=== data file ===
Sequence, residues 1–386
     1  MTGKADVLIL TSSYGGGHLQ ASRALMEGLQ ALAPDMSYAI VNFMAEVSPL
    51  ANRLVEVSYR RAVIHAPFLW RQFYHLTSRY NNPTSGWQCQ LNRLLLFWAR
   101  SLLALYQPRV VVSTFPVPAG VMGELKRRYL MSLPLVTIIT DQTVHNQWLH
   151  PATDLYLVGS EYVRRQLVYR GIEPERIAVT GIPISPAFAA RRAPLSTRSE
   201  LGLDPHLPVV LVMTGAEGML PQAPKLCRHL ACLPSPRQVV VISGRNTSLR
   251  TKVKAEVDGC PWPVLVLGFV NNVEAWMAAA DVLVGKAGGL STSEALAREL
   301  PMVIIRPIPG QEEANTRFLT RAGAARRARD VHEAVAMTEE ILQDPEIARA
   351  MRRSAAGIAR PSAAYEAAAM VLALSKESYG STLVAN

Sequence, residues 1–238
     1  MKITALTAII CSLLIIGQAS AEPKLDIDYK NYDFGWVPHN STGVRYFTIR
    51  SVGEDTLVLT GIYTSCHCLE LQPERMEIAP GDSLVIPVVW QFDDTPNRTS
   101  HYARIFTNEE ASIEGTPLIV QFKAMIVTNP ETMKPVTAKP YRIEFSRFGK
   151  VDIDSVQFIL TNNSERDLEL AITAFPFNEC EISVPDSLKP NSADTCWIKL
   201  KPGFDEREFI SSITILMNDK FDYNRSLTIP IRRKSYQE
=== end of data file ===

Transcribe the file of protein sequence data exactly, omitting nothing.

Sequence, residues 1–386
     1  MTGKADVLIL TSSYGGGHLQ ASRALMEGLQ ALAPDMSYAI VNFMAEVSPL
    51  ANRLVEVSYR RAVIHAPFLW RQFYHLTSRY NNPTSGWQCQ LNRLLLFWAR
   101  SLLALYQPRV VVSTFPVPAG VMGELKRRYL MSLPLVTIIT DQTVHNQWLH
   151  PATDLYLVGS EYVRRQLVYR GIEPERIAVT GIPISPAFAA RRAPLSTRSE
   201  LGLDPHLPVV LVMTGAEGML PQAPKLCRHL ACLPSPRQVV VISGRNTSLR
   251  TKVKAEVDGC PWPVLVLGFV NNVEAWMAAA DVLVGKAGGL STSEALAREL
   301  PMVIIRPIPG QEEANTRFLT RAGAARRARD VHEAVAMTEE ILQDPEIARA
   351  MRRSAAGIAR PSAAYEAAAM VLALSKESYG STLVAN

Sequence, residues 1–238
     1  MKITALTAII CSLLIIGQAS AEPKLDIDYK NYDFGWVPHN STGVRYFTIR
    51  SVGEDTLVLT GIYTSCHCLE LQPERMEIAP GDSLVIPVVW QFDDTPNRTS
   101  HYARIFTNEE ASIEGTPLIV QFKAMIVTNP ETMKPVTAKP YRIEFSRFGK
   151  VDIDSVQFIL TNNSERDLEL AITAFPFNEC EISVPDSLKP NSADTCWIKL
   201  KPGFDEREFI SSITILMNDK FDYNRSLTIP IRRKSYQE